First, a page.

Dating from the 15th century (and possibly even the 12th), Château d’Issan is located in Margaux, 30 minutes’ drive from Bordeaux. The chateau is still surrounded by a moat, and is frequently described as the most romantic in the Medoc appellation.

Mild at first with a strong finish, this lighter-colored red is fruity on the nose, with a nice, full structure and hints of tobacco.

70% Cabernet Sauvignon, 30% Merlot.

2007 Brane Cantenac, 2nd Grand Cru Classé, Margaux. $35 – $50

A Bordeaux blend middleweight, this is a softer, more “feminine” wine. Well crafted, earthy, with tastes of chocolate, strawberries, and raspberries. This isn’t one to age for long, but it’s an excellent value.

As a less robust wine, this might be a good choice for those who are just beginning to dabble in Bordeaux.

Drink now until 2015.

53% Cabernet Sauvignon, 39% Merlot, 8% Cabernet Franc.

Another of Jess’ favorites from the group–this was a smooth, flavorful wine that was pleasant in the mouth and had a long, enjoyable finish.

Duluc Ducru Dulicious

Duluc Ducru Dulicious

Chateau Branaire Duluc-Ducru, St. Julien. $40 – $55

Oak-y, earthy, fruity and balanced. Nicely integrated tannins. Hints of mocha, blackberries and violets. 2007 was not a great year for the region, but this shows a delicious fruitiness for the vintage. Very nice finish. This one is a good choice for the holidays, and should definitely be a crowd pleaser. Drink now until 2017.

63% Cabernet Sauvignon, 30% Merlot, 4% Petit Verdot, 3% Cabernet Franc.

At GrapeSmart we like to talk about how you can get more value out of your wine purchases, but sometimes we want to share wine experiences that defy the “Under $25” ethos and extend into the “If I had a million dollars” dreamscape…

The Tale of the Two Longueville Wineries – And Bordeaux Futures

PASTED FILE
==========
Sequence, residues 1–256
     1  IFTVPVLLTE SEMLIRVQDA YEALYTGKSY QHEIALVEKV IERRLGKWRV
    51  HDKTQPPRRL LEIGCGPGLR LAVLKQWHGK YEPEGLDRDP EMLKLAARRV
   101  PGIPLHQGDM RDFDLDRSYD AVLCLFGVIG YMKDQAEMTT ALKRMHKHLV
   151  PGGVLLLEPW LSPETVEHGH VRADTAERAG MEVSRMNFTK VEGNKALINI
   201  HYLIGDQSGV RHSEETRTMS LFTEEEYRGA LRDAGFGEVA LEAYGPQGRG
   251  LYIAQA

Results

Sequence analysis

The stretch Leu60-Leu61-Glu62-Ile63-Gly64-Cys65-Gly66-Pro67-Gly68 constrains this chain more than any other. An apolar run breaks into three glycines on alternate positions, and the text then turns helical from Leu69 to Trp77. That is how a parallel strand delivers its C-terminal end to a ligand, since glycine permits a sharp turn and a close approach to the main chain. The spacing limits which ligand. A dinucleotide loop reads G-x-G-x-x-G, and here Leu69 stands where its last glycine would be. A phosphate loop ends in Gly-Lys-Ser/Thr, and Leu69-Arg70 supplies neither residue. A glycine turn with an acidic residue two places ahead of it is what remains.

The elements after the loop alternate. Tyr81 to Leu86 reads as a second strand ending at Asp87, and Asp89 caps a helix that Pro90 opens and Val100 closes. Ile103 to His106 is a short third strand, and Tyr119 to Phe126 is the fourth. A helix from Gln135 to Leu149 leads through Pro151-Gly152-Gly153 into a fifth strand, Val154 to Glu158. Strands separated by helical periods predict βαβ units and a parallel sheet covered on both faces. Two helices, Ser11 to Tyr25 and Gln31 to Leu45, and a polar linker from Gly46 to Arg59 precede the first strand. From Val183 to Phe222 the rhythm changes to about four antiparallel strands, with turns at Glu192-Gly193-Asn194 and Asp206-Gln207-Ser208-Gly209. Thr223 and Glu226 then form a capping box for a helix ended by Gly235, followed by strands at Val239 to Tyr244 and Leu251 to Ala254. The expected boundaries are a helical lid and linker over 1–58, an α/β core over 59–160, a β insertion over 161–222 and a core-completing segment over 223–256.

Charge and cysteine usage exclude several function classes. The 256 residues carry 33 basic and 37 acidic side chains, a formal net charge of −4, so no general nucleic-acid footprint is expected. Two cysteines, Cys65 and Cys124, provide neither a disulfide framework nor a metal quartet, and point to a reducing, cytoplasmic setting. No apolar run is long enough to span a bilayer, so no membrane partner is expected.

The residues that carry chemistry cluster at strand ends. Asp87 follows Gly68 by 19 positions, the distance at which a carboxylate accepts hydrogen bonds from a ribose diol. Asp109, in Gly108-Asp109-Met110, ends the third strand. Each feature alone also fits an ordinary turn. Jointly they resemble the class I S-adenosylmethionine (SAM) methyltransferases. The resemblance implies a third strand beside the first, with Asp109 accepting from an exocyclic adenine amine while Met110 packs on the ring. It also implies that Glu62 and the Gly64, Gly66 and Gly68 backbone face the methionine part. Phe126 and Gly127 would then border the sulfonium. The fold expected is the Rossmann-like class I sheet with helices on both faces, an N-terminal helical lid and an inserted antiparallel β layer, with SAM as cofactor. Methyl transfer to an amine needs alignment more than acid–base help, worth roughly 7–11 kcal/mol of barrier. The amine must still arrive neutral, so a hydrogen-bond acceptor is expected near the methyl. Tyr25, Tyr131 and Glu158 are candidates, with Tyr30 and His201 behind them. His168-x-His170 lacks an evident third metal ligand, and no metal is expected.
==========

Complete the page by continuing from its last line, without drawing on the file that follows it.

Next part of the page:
(by Jessyca)

Those in-the-know went straight for the uber-expensive Bordeaux wines (and in retrospect, we should have done this, too) because these were only futures not yet available for purchase.

All day long people were talking of terroir, a concept that has much deeper meaning in France than it does in California. When the following two wines were poured, an explanation included that these two wineries are right across the street from one another so that they should have much in common with one another, and also, the particular area of Longueville in Pauillac is desirable, so the wines are higher-priced.

The 2007 Chateau Pichon Lalande ($100 – $120) and the 2007 Chateau Pichon Baron ($90 – $115) could not have been more different. The Lalande is 58% Cabernet Sauvignon, 36% Merlot, 4% Petit Verdot, and 2% Cabernet Franc. Easily one of the best wines I’ve ever tasted, smooth and luscious. It was easy to see what winemakers the world over are trying to achieve when I had the opportunity to taste such deliciousness. The Baron on the other hand, 74% Cabernet Sauvignon and 26% Merlot, was more acidic and less special. It felt extraordinarily overpriced, especially in comparison to the Lalande.

This experience really solidified for me the importance of winemaking in the whole process, and rather downplayed the terroir impact. These wines shared little other than their name and their price tag. Ultimately only you can say if a wine is good or bad for you. You just have to try a lot to know what you like and what you don’t.

Lastly, it’s worth noting that K&L Merchants has a MUCH better price on these two wines than BevMo is offering which suggests that perhaps when you want premium wines, it still pays to shop around before you buy.

Weekly Twitter Updates Digest for 2009-11-07

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Visitons La Vieille Ferme